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3.OrganizationalDynamics.Thesenseofempowermentthatcocreatorsenjoy, combinedwiththeincreasedknowledgeandskillstheyarelikelytoacquire,maygivecustomers astrongsenseofpsychologicalownershipovertheircontributions(Pittetal.2006;Prahalad andRamaswamy2000).Inturn,thissenseofownershipmaycomplicateafirmsinternalNPD plansandactivities.Becausecocreationshiftstasksthatwereformerlyconductedbymanagers downtocustomers,itmayblurtheboundarybetweenthesetwogroups(EvansandWolf2005; PrahaladandRamaswamy2000).Thus,customersmaybegintoseethemselvesnotonlyas consumersbutalsoasproducers.Researchonorganizationaldynamics(i.e.,stakeholdertheory) suggeststhatfirmsthatareheavilyengagedincustomercocreationcouldfinditmoredifficult toquicklyaltertheirproductlinesorradicallychangetheirNPDprocessesinordertorespond tocompetitivepressures(DonaldsonandPreston1995).Inessence,cocreationinitiativescould createanewclassoforganizationalstakeholders,manyofwhommayvigorouslyopposeNPD relatedchangesthattheydisagreewith. Thesechallengesarelikelytobeespeciallypronouncedforthoseformsofcocreation thatinvolveahighdegreeofcustomerledcontributionactivity(i.e.,tinkeringand collaborating).However,anecdotalevidencesuggeststheycanalsooccurincodesigning settings.Forexample,Threadlessiscurrentlyfacingasenseofownershipstruggle,asseveral membersofitsonlinecommunityareupsetaboutitsselectionproceduresandtherecent openingofabrickandmortarstoreinChicago(Chafkin2008).Futureresearchisneededto shedlightonboththepositiveandnegativeimpactthatempoweredcocreatorstakeholders haveuponNPDperformance.Inparticular,theabilityofthesestakeholderstoeffectively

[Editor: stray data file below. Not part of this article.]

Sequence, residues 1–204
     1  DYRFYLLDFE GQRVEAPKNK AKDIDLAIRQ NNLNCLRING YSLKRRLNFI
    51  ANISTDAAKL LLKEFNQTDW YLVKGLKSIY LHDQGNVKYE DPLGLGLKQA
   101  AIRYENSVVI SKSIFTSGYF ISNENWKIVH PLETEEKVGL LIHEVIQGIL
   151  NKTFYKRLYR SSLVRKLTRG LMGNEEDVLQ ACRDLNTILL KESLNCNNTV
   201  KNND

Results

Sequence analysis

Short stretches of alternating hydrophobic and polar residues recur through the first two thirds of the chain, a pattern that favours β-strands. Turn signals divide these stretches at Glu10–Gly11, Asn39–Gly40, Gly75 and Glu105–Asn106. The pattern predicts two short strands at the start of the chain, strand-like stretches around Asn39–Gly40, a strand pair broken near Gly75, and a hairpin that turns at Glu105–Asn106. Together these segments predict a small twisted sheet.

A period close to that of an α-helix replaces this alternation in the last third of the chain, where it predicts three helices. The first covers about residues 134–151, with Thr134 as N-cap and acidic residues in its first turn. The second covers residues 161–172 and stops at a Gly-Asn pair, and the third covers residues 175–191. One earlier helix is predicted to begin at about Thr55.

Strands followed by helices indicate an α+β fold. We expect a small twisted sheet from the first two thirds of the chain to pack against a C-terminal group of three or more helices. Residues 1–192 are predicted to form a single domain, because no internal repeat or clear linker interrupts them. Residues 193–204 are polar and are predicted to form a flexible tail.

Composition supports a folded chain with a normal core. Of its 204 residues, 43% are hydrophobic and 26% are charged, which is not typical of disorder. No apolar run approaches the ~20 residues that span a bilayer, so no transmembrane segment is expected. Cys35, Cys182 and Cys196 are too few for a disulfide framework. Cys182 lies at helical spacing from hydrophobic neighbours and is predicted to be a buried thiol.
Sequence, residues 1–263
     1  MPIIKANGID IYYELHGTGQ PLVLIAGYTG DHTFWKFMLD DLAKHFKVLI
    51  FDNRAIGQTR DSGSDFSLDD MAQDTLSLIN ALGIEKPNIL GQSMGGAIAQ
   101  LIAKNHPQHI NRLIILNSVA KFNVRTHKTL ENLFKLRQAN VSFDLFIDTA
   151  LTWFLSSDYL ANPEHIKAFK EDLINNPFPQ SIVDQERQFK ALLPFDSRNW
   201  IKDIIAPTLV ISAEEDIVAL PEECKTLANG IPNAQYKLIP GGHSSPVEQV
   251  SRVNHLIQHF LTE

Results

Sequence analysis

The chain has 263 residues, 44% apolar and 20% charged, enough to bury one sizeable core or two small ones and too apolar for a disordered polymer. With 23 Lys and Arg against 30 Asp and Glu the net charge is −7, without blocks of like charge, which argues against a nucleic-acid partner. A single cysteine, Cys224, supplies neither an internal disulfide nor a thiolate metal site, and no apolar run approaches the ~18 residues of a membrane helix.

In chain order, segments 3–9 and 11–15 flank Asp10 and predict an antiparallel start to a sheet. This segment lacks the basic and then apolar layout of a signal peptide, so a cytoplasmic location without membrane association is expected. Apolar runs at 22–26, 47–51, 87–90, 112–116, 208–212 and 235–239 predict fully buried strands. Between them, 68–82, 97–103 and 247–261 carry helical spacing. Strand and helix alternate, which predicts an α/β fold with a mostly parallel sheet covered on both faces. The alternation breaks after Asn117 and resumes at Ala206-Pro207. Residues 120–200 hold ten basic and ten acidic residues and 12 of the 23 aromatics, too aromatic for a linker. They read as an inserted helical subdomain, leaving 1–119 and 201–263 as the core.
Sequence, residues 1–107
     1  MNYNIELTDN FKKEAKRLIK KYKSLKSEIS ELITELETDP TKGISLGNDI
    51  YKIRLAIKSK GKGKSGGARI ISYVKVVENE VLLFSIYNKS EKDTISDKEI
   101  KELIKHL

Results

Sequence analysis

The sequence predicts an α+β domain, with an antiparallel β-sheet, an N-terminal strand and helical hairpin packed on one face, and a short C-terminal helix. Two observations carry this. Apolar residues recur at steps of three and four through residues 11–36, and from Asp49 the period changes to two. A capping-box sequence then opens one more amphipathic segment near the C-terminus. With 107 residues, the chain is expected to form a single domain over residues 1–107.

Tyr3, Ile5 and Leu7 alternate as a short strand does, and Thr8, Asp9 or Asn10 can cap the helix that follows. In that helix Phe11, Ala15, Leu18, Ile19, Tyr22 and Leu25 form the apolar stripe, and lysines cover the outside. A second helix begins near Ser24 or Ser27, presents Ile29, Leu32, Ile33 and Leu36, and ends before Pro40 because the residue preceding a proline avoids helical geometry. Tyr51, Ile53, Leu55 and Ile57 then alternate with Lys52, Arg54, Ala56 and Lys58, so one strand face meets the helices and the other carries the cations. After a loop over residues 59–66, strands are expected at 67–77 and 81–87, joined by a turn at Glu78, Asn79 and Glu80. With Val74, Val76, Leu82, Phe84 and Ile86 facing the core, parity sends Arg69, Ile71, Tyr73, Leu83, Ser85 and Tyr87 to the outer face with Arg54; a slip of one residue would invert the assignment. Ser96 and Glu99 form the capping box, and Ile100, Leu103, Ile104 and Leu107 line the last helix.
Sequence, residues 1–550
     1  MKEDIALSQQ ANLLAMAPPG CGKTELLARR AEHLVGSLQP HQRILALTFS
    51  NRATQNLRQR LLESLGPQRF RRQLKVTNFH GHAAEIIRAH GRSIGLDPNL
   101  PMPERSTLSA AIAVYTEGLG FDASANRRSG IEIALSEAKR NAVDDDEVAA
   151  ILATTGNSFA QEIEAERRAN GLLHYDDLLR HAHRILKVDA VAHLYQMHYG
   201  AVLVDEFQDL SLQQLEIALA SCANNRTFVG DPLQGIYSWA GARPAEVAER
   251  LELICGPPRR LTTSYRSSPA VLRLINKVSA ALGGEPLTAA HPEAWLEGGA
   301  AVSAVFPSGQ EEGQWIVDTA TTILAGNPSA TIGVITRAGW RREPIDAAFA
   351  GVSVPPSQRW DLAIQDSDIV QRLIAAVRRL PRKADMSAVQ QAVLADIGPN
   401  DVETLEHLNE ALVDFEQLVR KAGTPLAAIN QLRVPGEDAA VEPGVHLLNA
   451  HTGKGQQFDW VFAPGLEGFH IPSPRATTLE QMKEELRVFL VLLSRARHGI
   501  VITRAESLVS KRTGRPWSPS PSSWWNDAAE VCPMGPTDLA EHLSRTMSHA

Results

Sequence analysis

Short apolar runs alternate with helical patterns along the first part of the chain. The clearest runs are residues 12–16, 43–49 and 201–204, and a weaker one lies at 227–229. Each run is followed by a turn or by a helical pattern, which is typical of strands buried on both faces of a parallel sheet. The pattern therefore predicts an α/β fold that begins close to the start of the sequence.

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respondtomarketchallengessuchastheentryofanewcompetitorortheemergenceofa discontinuoustechnologicalisatopicripeforempiricalinvestigation. 4.ResourcesandCapabilities.Theabilityofafirmtoachieveandsustainacompetitive advantageiswidelybelievedtorestuponitsresourcesandcapabilitiessuchassensingmarket trends,developingstrongcustomerrelationships,andcreatinginnovativenewproducts(Day 1994;HuntandMorgan1995;MoormanandSlotegraaf1999).Theseresourcesandcapabilities havebeenbroadlyviewedasassetsthatareinternaltoafirmandresideinitsorganizational culture,operatingprocedures,andhumanresources.Forexample,Day(1994,p.38)suggests that,Capabilitiesaredeeplyembodiedwithinthefabricoftheorganization. Theemergenceofcustomercocreationsuggeststhatthisstrictfocusoninternalbased resourcesandcapabilitiesignoresanimportantsourceofpotentialcompetitiveadvantage:the knowledgeandskillsembodiedinafirmscustomerbase(JeppesenandMolin2003;Prahalad andRamaswamy2000;vonHippel2005).AssuggestedbyPrahaladandRamaswamy(2000,p. 80)whenfirmsadoptcocreation,consumersbecomeanewsourceofcompetenceforthe corporation.Inessence,firmsthatsucceedinestablishingcocreationcangainaccesstoarich externalsourceofNPDrelatedresourcesandcapabilitiesthatcansupplementtheirinternal valuecreationability.Thus,theemergenceofcustomercocreationsuggeststhatmarketing scholarsshouldviewafirmsresourcesandcapabilitiesfromabroadernetworkbased(i.e., embodied)perspectiveratherthanfocusingnarrowlyonitsinternal(i.e.,embedded)assets.As withtheirinternalcounterparts,thevalueofcocreationbasedcapabilitiesislikelytodepend uponthedegreetowhichtheyaredistinctiveandnonimitable.Thesequalitiesmaybe especiallydifficulttoattainviaasharingapproachbecausethisformofcocreationappearsto